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Oct. 1, 2020, 3:26 p.m. EDT

Halloween sales forecast could be frightful to companies trying to create holiday season momentum

Data shows that a lot of people intend to scale back their Halloween plans

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By Tonya Garcia, MarketWatch


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Far fewer people are expected to be trick-or-treating this Halloween

Nearly half of shoppers, 49%, will spend less to celebrate Halloween this year versus last, according to data from Numerator, which could put a chill in the launch of the holiday shopping season as brands and retailers try to generate momentum amid the ongoing COVID-19 pandemic.

More than half, 52%, of consumers say they will buy less candy this year. And 73% expect to celebrate Halloween differently.

“Baking continues to outpace prior years so expect to see more homemade treats for more personal exchanges which may take a bite out of candy,” Numerator said. “Individual candy packets will continue to be important but we expect sales to be lower with fewer large gatherings in which larger quantities are needed.”

Read: The back-to-school shopping season will be a ‘dud’ one analyst says, but the NRF is forecasting a record breaker

Retailers, in turn, have made adjustments.

“[I]f trick-or-treat tends to be a little lower than expectation, clearly, we’ll focus even more on the treat-for-me and the candy bowl occasion.”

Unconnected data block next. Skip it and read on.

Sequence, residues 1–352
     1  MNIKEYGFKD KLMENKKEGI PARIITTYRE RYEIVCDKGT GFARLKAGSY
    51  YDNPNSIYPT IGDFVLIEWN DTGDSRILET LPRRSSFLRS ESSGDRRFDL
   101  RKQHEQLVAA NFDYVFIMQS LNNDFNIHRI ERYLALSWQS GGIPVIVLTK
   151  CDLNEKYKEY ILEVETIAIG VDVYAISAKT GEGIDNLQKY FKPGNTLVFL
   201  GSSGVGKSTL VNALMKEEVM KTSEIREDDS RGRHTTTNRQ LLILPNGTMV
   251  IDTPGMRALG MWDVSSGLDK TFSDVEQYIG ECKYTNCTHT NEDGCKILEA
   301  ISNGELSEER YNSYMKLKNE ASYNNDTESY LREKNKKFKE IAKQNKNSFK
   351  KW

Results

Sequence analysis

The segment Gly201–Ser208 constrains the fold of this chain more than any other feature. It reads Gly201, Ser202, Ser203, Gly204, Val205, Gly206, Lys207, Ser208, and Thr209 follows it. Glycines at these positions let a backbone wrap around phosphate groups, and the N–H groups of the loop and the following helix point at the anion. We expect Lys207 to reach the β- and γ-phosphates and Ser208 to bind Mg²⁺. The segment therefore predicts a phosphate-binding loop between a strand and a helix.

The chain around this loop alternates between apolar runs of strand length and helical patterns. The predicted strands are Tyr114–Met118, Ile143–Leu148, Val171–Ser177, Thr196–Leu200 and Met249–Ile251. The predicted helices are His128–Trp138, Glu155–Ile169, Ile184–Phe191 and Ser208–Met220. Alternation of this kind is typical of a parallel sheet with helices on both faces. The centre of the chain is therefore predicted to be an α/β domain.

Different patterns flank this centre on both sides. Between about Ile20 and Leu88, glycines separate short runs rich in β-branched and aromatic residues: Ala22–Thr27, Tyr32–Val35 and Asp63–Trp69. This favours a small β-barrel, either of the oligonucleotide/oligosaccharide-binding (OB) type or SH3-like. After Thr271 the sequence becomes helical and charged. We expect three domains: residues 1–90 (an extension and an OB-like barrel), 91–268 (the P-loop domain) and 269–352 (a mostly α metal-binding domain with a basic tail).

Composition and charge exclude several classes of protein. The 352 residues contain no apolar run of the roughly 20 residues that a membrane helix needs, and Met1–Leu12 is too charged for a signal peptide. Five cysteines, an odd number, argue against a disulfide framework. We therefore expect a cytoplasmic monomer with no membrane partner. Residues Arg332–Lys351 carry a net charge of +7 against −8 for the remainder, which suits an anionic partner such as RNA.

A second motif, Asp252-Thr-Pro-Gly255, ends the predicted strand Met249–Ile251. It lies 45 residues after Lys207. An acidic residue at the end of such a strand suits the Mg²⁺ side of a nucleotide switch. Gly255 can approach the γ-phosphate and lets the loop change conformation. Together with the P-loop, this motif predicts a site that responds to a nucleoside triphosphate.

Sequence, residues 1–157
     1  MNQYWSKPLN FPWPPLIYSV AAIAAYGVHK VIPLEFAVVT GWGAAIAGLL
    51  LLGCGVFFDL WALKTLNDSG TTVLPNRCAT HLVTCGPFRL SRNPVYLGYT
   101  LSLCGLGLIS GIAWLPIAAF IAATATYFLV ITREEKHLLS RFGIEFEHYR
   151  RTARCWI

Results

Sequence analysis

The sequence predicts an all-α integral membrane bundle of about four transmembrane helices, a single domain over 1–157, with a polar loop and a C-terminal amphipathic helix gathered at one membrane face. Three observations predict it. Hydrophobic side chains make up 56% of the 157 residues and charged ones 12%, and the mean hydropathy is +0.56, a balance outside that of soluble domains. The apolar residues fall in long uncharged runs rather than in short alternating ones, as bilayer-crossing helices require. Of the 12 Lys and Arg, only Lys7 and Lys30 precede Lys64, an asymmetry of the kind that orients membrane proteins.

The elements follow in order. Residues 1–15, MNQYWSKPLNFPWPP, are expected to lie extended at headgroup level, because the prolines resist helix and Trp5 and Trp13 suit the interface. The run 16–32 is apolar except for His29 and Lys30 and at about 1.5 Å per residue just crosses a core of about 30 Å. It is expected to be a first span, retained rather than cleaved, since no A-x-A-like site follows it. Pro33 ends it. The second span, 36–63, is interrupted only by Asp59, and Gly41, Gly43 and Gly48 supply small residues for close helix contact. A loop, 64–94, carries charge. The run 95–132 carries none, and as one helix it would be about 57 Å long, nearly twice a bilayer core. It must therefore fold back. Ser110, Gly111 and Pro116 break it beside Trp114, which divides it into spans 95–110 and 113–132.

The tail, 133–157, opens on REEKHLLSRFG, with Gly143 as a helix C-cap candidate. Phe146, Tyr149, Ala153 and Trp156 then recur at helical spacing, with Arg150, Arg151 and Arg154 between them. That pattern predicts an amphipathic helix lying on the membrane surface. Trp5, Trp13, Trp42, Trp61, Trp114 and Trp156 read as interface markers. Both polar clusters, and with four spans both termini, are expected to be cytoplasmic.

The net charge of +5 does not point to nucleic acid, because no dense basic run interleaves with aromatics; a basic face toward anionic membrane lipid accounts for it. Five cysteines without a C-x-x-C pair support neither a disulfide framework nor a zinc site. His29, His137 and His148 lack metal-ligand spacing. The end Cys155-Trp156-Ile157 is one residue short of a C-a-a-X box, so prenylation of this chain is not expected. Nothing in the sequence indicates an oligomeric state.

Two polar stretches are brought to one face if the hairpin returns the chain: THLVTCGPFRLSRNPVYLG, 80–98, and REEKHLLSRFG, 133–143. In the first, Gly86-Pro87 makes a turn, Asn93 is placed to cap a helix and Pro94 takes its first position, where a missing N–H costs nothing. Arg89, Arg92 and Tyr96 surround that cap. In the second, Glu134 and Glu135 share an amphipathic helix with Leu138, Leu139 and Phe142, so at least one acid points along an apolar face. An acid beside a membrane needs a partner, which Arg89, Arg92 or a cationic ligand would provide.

Hershey Chief Executive Michele Buck

The coronavirus, which has kept consumers close to home for the summer, has already derailed the back-to-school season. As school districts worked to provide altered in-person instruction as well as remote classes, parents pulled back on their usual purchases of items like clothing and notebooks.

See: Children’s Place is in a good place for a comeback, analysts say -- right behind Walmart, Target and Kohl’s

Now with weeks until Halloween, families appear to be preparing for a scaled back Halloween spend due to safety concerns tied to the spread of COVID-19, as well as any fears about the state of the U.S. economy, which has experienced a sharp rise in unemployment over the past six months.

“Home spending continues to be strong so Halloween decorations may be on the rise, depending on where the economy is in October,” Numerator said.

The National Retail Federation is expecting Halloween sales of $8.05 billion, down from $8.78 billion in 2019. However, those that are participating are expected to spend $92.12 on average, compared with $86.27 last year.

The coronavirus has forced significant shifts in the American shopping calendar. Halloween is now feeling the squeeze.

“COVID-19 concerns will lead to lighter participation than previous years, shifting focus to family festivities in the home,” wrote Advantage Solutions in a report. Advantage Solutions is a sales and marketing services provider to consumer goods companies and retailers.

In a normal year, 32% of Americans would go trick-or-treating, Advantage Solutions data shows. This year, only 14% say they will, with the authorities in the city of Los Angeles recommending that people forego the practice all together.

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